From the day it started, the independent media website The Conversation has paid not one cent to advertise itself.
Former editor of The Age, Andrew Jaspen, co-founded The Conversation in March 2011 together with Jack Rejtman, a one-time journo and now a director of the Eliminate Dengue Program at Monash University.
Today, it has 50,000 subscribers to its daily newsletter, and attracts 1.3 million unique page views a month. Managing editor, Misha Ketchell, puts that achievement into content: “By comparison, The Age gets about 2.3 million uniques a month. We feel we are getting to the size of a newspaper.”
Like any good content marketer, The Conversation relies on the quality of its content to build its readership.
Its model is as ingenious as it is simple. Its newsroom, like any traditional media company, has a team of editors: 16 full-timers in The Conversation’s case.
Its writers, however, are not journalists; they are academics and researchers — subject matter experts who work in universities, the CSIRO and other research organisations.
After an early morning news meeting, the editors are on the phones to their banks of experts, commissioning stories on the important matters of the day. These experts provide a depth and context that journalists might struggle to deliver. If needed, the editors then help craft these articles into accessible, readable and entertaining stories of the day.
Stories are updated throughout the day, and a newsletter published daily.
Every story on The Conversation is free to read.
But The Conversation takes the free content model one step further – stories are free to republish too. “We are agnostic about where people read our content,” Ketchell says.
That means, in fact, you cannot steal stories from The Conversation: everyone is permitted to copy an entire story from the site and republish it on their own website, free of charge. There are the few requirements. Among them: to credit The Conversation and the authors, to leave the story intact (no editing) and not to resell it.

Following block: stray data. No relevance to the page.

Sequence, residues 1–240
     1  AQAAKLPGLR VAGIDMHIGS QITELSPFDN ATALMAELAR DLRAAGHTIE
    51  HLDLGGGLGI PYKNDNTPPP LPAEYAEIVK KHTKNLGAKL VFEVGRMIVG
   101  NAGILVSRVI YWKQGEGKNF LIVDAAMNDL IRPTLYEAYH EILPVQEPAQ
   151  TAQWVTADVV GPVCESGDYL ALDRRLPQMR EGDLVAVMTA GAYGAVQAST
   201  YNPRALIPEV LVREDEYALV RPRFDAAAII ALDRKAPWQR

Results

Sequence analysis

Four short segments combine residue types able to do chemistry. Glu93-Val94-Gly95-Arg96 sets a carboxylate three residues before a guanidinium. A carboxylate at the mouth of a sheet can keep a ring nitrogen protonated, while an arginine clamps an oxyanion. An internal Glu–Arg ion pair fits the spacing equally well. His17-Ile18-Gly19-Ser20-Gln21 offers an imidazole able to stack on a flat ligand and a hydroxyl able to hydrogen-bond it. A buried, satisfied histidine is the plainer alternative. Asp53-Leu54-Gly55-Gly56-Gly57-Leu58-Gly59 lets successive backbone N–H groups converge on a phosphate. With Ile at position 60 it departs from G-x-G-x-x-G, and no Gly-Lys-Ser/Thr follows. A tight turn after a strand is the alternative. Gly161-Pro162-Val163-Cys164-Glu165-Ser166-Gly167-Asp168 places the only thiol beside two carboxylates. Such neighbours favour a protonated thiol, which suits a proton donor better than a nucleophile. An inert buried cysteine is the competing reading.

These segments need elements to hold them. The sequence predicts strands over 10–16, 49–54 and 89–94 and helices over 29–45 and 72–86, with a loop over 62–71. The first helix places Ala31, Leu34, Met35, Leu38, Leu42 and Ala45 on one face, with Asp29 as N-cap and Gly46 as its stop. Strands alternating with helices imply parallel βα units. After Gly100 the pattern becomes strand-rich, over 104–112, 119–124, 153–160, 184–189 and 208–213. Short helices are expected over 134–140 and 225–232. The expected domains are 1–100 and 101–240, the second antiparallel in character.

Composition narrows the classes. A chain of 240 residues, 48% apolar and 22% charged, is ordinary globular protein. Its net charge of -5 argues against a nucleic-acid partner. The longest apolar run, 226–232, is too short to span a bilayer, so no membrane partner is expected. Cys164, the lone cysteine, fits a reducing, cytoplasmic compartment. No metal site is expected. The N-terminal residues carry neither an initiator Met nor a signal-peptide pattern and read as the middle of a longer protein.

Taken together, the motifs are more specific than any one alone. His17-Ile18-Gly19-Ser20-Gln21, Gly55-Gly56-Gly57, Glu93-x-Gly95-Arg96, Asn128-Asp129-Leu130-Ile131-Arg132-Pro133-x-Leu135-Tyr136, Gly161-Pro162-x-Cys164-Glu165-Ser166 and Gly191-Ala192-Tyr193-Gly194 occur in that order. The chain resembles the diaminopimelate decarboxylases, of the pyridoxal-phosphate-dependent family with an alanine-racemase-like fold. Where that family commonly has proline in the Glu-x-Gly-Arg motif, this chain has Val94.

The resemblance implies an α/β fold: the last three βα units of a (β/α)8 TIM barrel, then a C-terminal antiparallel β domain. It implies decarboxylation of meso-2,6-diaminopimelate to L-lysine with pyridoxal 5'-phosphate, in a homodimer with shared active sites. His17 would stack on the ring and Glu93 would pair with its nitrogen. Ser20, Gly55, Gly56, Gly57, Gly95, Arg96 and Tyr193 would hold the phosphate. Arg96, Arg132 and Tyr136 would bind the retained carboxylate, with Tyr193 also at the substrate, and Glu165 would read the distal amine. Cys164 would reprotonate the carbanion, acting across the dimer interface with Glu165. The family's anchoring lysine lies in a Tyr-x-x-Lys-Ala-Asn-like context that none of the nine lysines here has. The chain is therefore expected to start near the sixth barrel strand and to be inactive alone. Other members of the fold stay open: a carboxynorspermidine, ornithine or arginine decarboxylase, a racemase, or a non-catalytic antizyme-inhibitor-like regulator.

Ketchell, who is a former editor of the news site Crikey.com.au, which sells subscriptions for $191.40 (cheapest) a year, says the strategy arose in the initial discussions about media business models. “Public engagement is part of the role of the academic,” he says. “We provide a service to help them communicate, but they are not being paid. We felt it was incumbent upon us to help them reach the widest audience possible.”
So who pays?
In 2012-13, it cost about $3.5 million to run The Conversation, which now employs six admin staff and four developers in addition to its 16 editors.
It is funded via a partnership model. Universities, the CSIRO and other organisations pay an annual fee across several levels: members (19), media partners (2), strategic partners (5) and founding partners (5). “We provide the same level of service regardless of whether you pay or not,” Ketchell says.
As the service is becomes better understood, more members are signing up, he says. “We think there is this massive resource in universities that is not getting out there and we want to unlock it to better inform public debate.
“For universities, we make sure people write in their area of expertise and that it is independent authenticated, high-quality, valuable editorial content. And we are encouraging their staff to improve their public engagement.”
Universities showcase the calibre of their academics (and attract students) via The Conversation and, for ambitious researchers, it’s a venue to build their name and reputation.
The Conversation has also received government grants, gets in-kinds support from some members and takes a limited amount of advertising, both display ads and a jobs board. “We’ve received both Victoria and Commonwealth grants, however the business model is to wean off government funding,” Ketchell explains.
Taking it to the world – the global newsroom
The Conversation launched a pilot site in the United Kingdom in March this year, where it has already secured 25 backers. At the time of my interview with Ketchell, Andrew Jaspen was in India, talking with partners about launching the site there.
For companies interested in content marketing, its multi-stakeholder model offers a fascinating alternative to the emerging content marketing funding model, in which a company owns funds its own site/s, a model for which artsHub is the poster child. By way of comparison, I also take a detailed look at ArtsHub, which you can read here.
You might also like
Is your content sparking conversations?
Have you ever said “Good morning” to someone who didn’t respond? It’s an unsettling feeling of sorrow, even indignance when a generous, warmly intended communiqué is ignored.
Tearing down the walls
What’s between you and your reader?
When it comes to writing, this is a useful question.
A big part of great writing Read more